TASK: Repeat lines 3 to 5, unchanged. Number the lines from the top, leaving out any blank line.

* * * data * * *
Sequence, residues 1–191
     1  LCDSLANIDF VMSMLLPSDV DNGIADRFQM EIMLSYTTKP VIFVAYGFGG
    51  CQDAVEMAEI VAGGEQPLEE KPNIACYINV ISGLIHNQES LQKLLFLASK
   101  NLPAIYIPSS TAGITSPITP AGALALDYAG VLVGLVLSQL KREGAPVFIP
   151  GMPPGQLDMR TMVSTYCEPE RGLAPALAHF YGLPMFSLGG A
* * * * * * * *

    51  CQDAVEMAEI VAGGEQPLEE KPNIACYINV ISGLIHNQES LQKLLFLASK
   101  NLPAIYIPSS TAGITSPITP AGALALDYAG VLVGLVLSQL KREGAPVFIP
   151  GMPPGQLDMR TMVSTYCEPE RGLAPALAHF YGLPMFSLGG A